Guidewire fracture during orbital atherectomy for peripheral artery disease: Insights from the Manufacturer and User Facility Device Experience database

Nicholas Isom, Reza Masoomi, Axel Thors, Matthew Bunte, Anand Prasad, Kirk Hance, Kamal Gupta

Research output: Contribution to journalArticle

1 Scopus citations

Abstract

Background/Objectives: Orbital atherectomy (OA) is routinely being used for plaque modification to facilitate percutaneous revascularization in patients with peripheral arterial disease (PAD) and arterial calcification. Guidewire fracture (GWF) during OA, though anecdotally described, has not been studied in a systematic manner. We conducted a review of the Manufacturer and User Facility Device Experience (MAUDE) database to study the reports of wire fracture and its management and consequences. Methods: We queried the MAUDE database for all events involving the current generation of the OA device: “Diamondback 360 Peripheral Orbital Atherectomy System”, and “Stealth 360° Orbital PAD System”. Results: We identified 62 reports of GWF during OA for PAD. The superficial femoral artery was the most commonly involved atherectomy site. The wire fractured at the soft tip in a majority of cases (68%). Embolized wire fragments were left in the patient in 36 cases (58%), retrieved percutaneously in 10 cases (16%), and trapped by a stent against the arterial wall in eight cases (13%). Lastly, eight patients (13%) underwent surgery for removal of the wire fragment. Conclusions: This is the first published report to study the complication of GWF during peripheral OA. GWF is an uncommon but has significant procedural and clinical consequences. It results in a high rate of ancillary rescue procedures (including surgery) and is associated with a higher risk of arterial thrombosis and complications from wire retrieval attempts. The risk of wire fracture may be avoided with carefully adherence to the IFU.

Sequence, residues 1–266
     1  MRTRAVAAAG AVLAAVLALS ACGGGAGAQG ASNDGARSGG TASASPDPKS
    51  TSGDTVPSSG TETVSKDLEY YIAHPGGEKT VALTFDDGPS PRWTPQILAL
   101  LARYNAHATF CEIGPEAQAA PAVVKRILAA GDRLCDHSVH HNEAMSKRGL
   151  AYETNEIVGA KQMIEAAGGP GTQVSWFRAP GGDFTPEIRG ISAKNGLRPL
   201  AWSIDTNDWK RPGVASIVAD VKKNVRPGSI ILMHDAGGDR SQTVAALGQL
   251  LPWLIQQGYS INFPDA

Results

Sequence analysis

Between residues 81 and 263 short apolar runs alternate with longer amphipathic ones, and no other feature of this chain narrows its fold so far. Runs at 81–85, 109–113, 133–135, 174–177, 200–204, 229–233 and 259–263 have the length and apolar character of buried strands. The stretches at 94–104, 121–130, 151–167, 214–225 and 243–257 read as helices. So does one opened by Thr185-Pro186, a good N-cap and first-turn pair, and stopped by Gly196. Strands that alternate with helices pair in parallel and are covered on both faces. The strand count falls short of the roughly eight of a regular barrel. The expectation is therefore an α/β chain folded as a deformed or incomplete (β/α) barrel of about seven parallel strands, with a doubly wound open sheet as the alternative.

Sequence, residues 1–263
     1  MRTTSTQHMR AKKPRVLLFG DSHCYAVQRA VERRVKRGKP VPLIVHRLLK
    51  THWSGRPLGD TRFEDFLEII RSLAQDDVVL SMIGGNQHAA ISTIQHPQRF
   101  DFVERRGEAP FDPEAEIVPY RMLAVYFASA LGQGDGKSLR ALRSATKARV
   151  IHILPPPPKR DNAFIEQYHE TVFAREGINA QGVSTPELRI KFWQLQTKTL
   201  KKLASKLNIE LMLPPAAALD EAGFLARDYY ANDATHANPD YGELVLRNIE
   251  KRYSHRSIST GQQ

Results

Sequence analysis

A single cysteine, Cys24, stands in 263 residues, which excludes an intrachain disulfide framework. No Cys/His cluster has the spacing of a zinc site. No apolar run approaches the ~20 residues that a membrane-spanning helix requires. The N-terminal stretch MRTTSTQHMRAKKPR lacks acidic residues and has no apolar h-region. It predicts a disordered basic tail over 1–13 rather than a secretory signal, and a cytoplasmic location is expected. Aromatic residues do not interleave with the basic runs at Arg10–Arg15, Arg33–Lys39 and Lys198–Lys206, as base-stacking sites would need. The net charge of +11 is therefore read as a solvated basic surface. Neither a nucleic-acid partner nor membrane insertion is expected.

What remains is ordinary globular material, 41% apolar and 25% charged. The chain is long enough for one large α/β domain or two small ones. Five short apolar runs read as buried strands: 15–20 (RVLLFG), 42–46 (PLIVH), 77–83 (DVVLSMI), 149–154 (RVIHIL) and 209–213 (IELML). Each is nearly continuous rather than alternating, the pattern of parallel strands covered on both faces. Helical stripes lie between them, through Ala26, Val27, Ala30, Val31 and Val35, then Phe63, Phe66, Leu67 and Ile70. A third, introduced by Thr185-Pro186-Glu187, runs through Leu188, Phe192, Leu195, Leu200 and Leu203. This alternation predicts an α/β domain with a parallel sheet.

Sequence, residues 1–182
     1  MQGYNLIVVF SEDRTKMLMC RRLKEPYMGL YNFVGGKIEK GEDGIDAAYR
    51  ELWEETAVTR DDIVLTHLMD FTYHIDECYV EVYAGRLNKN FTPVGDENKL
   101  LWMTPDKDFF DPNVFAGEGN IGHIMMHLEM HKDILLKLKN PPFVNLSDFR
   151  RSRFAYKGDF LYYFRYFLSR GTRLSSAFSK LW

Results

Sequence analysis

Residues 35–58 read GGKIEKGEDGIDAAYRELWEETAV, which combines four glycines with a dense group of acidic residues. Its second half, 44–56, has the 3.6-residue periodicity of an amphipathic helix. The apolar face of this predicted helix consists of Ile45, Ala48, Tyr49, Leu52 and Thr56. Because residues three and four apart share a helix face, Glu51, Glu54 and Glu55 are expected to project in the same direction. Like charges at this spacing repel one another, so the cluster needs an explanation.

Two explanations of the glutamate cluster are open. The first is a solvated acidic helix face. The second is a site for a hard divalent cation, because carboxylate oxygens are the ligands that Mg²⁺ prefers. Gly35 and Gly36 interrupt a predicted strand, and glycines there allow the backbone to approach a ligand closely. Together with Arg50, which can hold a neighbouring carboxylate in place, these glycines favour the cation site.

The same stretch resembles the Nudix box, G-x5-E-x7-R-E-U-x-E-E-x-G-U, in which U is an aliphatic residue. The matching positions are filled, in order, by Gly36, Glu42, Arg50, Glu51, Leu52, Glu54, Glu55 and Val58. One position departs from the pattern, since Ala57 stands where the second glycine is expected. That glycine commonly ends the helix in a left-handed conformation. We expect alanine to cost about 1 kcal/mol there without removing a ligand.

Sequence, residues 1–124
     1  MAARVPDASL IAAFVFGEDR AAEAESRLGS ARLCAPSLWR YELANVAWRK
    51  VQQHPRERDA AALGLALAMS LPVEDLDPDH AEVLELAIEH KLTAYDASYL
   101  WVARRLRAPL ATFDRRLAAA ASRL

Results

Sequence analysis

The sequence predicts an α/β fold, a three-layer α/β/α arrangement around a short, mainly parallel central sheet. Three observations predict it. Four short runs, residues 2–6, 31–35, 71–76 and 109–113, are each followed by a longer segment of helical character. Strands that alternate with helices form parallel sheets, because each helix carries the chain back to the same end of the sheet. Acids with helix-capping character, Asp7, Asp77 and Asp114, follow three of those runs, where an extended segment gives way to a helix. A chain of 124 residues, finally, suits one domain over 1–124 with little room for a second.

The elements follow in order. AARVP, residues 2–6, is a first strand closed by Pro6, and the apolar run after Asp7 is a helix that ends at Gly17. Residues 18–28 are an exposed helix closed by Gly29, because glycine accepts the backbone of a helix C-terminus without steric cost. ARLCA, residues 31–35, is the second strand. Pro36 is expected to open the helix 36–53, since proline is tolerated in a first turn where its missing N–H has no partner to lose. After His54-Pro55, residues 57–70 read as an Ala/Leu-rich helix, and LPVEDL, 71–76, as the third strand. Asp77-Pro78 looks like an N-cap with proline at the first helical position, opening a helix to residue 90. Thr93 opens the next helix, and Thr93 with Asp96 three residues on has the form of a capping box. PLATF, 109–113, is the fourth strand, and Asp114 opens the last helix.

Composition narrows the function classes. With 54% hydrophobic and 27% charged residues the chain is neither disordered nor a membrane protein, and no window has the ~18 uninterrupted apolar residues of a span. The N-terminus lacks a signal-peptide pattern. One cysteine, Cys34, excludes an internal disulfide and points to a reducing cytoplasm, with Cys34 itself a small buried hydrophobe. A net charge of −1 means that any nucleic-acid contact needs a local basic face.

Original languageEnglish (US)
JournalCatheterization and Cardiovascular Interventions
DOIs
StateAccepted/In press - Jan 1 2018

Keywords

  • appropriate use
  • atherosclerosis
  • complications
  • endovascular intervention
  • peripheral arterial disease

ASJC Scopus subject areas

  • Radiology Nuclear Medicine and imaging
  • Cardiology and Cardiovascular Medicine

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